Regarding diocesan finances, we note that Pope Francis has preached loud and long on the injustice of economic inequality, for example, in his climate encyclical and during his trip to Argentina. With that attitude, perhaps the Pope could endorse a system providing Catholics with a clear idea of where their donations go. As a step in this direction, VOTF has developed a public Internet database to help Catholics do just that, so they can help thwart malfeasance like theft, fraud, donations being spent for purposes other than intended by contributors and paying for sex abuse victims’ silence.
Pope Francis will be welcomed by millions during his U.S. visit, and VOTF would be pleased to see a papal nod toward these issues.
Voice of the Faithful®: Voice of the Faithful® is a worldwide movement of faithful Roman Catholics working to support survivors of clergy sexual abuse, support priests of integrity and increase the laity’s role in the governance and guidance of the Church. More information is at www.votf.org.
This issue brings together two strains of church life that NCR has been tracking for some 30 years: the sexual abuse of minors by clergy, and the finances of dioceses. It is in these two areas that church leaders are at their most vulnerable.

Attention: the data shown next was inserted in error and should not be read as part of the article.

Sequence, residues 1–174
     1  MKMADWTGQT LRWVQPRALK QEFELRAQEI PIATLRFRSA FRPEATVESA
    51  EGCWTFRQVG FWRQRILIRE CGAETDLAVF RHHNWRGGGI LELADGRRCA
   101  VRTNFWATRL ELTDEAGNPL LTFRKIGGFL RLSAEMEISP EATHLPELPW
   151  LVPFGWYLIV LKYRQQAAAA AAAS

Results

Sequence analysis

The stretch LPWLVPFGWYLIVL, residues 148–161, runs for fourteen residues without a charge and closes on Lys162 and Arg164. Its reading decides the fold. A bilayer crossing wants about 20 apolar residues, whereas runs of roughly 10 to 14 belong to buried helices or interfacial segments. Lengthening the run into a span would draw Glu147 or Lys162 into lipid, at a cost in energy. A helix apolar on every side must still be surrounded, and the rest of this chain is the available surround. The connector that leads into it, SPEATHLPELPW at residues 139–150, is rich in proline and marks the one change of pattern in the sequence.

“The sexual abuse of minors by clergy and the subsequent cover-up by those in the church leadership structure have sapped the hierarchy of much of its moral authority. Many times, the church has seemed to be moving on from the immediacy of that crisis, and then something happens — a priest in Newark, N.J., who is supposed to be on restricted ministry is found on youth retreats, or leaders in the St. Paul-Minneapolis archdiocese ignore their own guidelines and the Dallas Charter for the Protection of Children and Young People — and we are plunged headlong back into that morass.”
Click here to read the rest of this editorial by National Catholic Reporter.